When considering your installation company, it is important to know their number of installations, their locations, their bankability, their online reviews , and most importantly, our internal rankings. You will also want to strongly consider the length of their workmanship warranty. Workmanship warranties cover roofing penetrations, water damage, electrical work, and anything related to their installation for the time period described. You’ll also want to get references and testimonials from their past customers. Pick My Solar provides information for every installer in our network.
From our blog:
Solar Installation Contract
Contracts can often be overwhelming and packed with a lot of legalese. There are a few key areas of the contract that you should confirm are accurate: progress payments (how much you pay and when); any additional line items (service upgrades, EV chargers, buried lines); escalator rate (for lease or PPA); detailed warranty information; cancellation clause; system’s first year production estimate; and hardware specifications.
From our blog:
- What to Expect from a Solar Contract
- What To Ask A Solar Installer Before Signing On The Dotted Line
A professional, licensed solar installation company will provide an installation or workmanship warranty in addition to the warranties provided by the equipment they install (panels, inverter(s), optimizers, monitoring, racking system, etc). As for the equipment, most solar panels come with a performance warranty lasting 25 years. The performance warranty guarantees that a panel’s output capacity will not drop by more than 0.7% per year, or less than 20% over 25 years. This means that your system is warrantied to be at least 80% as productive 25 years after it is installed. This degradation rate can range from about 0.4% per year for modules from companies like SunPower, to about 0.9% per year for others, but 0.7% per year is the industry standard.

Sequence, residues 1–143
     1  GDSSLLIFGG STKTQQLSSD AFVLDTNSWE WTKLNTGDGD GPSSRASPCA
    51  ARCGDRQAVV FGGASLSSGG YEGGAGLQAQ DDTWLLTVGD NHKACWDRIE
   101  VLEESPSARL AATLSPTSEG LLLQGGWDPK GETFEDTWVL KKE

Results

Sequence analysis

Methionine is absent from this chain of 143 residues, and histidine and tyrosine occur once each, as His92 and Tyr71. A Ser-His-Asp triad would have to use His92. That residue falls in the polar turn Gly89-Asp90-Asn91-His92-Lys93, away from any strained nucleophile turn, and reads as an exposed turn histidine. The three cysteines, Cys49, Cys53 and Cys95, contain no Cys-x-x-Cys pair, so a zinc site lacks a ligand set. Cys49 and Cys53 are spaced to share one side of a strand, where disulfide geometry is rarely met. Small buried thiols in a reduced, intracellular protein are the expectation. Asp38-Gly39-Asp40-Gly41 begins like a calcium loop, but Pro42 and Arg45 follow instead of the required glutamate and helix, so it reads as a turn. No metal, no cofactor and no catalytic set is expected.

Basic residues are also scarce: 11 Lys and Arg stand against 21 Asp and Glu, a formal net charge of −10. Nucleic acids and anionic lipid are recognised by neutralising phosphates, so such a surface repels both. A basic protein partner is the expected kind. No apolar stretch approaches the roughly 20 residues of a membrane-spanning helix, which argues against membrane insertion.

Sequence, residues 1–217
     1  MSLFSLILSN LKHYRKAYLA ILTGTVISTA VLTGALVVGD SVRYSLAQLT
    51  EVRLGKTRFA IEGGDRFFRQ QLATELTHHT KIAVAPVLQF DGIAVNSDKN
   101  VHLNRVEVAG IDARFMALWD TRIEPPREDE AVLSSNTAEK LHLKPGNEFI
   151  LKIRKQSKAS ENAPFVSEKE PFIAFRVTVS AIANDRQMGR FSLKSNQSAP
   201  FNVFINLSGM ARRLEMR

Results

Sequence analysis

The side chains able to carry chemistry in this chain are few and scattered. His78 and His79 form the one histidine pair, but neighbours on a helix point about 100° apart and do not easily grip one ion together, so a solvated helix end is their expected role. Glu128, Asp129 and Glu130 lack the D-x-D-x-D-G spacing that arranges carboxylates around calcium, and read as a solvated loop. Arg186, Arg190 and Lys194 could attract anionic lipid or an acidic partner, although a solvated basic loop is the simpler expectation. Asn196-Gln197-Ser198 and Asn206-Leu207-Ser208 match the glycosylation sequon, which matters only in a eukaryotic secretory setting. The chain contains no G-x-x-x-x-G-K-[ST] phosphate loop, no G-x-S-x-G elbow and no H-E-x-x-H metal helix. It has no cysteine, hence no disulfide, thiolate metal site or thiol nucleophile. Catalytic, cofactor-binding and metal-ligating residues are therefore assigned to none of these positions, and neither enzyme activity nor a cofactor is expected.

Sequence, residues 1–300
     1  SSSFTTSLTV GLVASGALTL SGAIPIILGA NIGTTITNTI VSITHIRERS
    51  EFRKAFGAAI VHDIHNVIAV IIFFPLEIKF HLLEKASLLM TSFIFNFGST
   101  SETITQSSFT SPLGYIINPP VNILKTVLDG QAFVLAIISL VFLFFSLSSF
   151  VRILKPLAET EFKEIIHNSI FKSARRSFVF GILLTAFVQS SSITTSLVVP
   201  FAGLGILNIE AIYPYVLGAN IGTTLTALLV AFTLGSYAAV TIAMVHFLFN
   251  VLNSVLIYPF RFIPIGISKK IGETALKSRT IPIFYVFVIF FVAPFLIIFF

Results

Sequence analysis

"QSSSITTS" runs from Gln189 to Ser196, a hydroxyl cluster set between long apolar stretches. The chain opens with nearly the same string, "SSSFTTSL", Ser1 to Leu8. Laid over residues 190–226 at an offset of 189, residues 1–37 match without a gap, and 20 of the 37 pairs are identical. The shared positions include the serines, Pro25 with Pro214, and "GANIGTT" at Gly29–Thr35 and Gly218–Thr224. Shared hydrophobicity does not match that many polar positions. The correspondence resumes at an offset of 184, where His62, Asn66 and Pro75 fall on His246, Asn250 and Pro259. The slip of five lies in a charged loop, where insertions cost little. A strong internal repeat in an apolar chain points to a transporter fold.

From our blog:
Solar Installation Process
The actual installation of a solar PV system typically takes only a day or two. First, the materials are brought to your house as the crew of 3-5 workers arrive. Next, standoffs are installed on the roof, then flashings. Rails are then installed and the solar panels are attached to the rails, conduit is run for the wiring, and the system is then tied-into the main service panel. City inspection is then scheduled by your solar installer. After your city approves the system, the installation company then applies for permission to operate from the utility, which can take 1 – 4 weeks depending on the utility and volume of applications. The installation company will then switch on the PV system, set-up the monitoring system, and then you are good to go!
From our blog:
Solar Panel Maintenance
Solar PV systems require almost zero maintenance. The rain should be sufficient to clear off the dust and dirt on your panels, but you could do no harm by hosing of your panels every 2-3 months at the most. In areas that receive snowfall, snow shouldn’t be a major problem. Panels will still receive sunlight through the snow and heat up, causing the snow to slide right off.